All Photographs © Joakim Lloyd Raboff

These photos from Tirana, Albania were shot in and around the intensely interesting capital city. Tirana is many cities in one. It feels simultaneously both rural and urban, old and new, tired and fiesty. Surrounded by mountains, the valley in which it lays makes for a dramatic arrival from the air. Just as soon as you leave the airport and head into the center of the city, it becomes evident that Tirana has grown exponentially since it survived communism.

After the second world war, Albania’s ruler Enver Hoxha forcibly shaped the country into a staunch Stalinist state until its transition to democracy in 1992. While the elections ended 47 years of North Korean-styled communist rule, the following decade was chaotic with a constant turnover of prime ministers and presidents.

Architecturally speaking, Tirana’s downtown district is a wonderfully mixed bag of old and sparkling new, soulfully decrepit or being restored. Some of the front-facing residential buildings, often with mom and pop shops on the street level, along the main avenues and wider streets in the Blloku area, aka “The Block”, are in good shape. Buildings just one row behind are often in desperate need of repair and restoration. But it was in these very side streets and snaking alleyways that I most often found the most interesting expressions of daily life in Tirana.

I spoke with many Albanians during my visit and every single interaction left me feeling in awe of their genuine friendliness and spontaneous generosity. I was invited for a coffee at least a half dozen times and on several occasions, the folks I asked for directions generously allocated time to personally guide me to where it was I wanted to go.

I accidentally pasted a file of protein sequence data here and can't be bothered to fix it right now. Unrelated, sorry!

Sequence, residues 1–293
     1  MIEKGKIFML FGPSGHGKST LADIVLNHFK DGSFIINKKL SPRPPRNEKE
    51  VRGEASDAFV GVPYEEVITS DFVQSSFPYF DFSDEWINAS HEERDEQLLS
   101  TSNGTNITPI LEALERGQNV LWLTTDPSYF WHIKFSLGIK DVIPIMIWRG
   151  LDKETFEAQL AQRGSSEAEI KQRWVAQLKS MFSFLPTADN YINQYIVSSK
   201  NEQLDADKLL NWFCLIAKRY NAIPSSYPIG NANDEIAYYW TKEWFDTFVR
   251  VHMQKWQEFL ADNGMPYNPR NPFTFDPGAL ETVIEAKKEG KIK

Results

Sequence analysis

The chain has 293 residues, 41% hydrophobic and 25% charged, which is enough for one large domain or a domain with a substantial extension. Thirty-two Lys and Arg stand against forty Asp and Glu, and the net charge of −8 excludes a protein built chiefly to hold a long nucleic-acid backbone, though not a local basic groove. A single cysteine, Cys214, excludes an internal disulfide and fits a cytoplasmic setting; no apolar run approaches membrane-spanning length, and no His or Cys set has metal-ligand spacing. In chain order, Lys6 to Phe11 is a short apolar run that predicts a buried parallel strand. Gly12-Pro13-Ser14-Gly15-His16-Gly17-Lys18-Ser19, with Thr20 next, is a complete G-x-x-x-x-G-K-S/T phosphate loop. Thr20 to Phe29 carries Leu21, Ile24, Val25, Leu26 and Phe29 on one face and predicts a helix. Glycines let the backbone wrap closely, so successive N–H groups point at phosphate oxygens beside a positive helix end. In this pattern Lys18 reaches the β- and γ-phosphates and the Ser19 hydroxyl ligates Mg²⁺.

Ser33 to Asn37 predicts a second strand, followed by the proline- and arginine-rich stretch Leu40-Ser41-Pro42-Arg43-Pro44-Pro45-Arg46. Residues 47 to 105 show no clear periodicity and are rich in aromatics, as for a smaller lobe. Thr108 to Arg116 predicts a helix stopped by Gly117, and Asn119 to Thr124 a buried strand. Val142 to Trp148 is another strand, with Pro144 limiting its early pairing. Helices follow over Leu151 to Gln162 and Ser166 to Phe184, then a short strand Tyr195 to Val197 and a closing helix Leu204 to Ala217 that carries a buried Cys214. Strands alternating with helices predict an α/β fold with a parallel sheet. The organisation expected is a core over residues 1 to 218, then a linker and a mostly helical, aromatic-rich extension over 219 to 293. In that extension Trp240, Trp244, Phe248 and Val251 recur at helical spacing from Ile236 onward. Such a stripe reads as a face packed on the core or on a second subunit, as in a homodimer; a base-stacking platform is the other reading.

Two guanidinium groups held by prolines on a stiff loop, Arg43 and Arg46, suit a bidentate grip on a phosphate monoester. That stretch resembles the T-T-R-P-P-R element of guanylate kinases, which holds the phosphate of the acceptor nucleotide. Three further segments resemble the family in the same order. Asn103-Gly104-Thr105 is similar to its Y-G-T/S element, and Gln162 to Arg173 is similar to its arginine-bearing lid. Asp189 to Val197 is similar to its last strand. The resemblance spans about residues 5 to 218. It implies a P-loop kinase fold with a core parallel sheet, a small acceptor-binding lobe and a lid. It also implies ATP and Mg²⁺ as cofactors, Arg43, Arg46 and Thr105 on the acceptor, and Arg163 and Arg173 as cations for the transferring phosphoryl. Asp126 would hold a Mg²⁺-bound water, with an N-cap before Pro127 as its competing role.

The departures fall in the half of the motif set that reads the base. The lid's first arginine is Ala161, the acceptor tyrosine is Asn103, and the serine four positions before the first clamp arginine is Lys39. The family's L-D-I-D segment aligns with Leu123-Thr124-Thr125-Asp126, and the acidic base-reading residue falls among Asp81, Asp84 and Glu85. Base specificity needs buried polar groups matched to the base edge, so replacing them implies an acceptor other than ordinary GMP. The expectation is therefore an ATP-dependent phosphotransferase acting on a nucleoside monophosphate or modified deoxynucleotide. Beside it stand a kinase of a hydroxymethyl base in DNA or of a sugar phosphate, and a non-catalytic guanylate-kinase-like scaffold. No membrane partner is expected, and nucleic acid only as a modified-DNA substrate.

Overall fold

Like the architecture, the Albanian cuisine in Tirana is a melting pot with so many different kinds of food to choose from with influences from Greece and Italy being among the more notable. Of the more traditional Albanian restaurants that I tried, Oda was the most memorable.

I can’t recommend Tirana enough. It’s certainly not for everyone, especially during the summer months when the heat can be turned up to 11. But for the rest of the year, especially early spring, the Albanian capital has a lot to offer, culturally and culinarily. The attractions are certainly not as spectacular as in some of Europe’s major cities.

But in addition to the many museums, cold war bunkers, and prolific nightlife, Tirana has something else to offer. But you can’t find it on a map or in a Google review. It’s Tirana’s unique vibe.

I thoroughly enjoyed walking around this sprawling city, absorbing the urban ambiance along the side streets, while chatting with locals, having a simple coffee at one of the hundreds of sidewalk cafés and wandering aimlessly in this salty capital’s residential neighborhoods.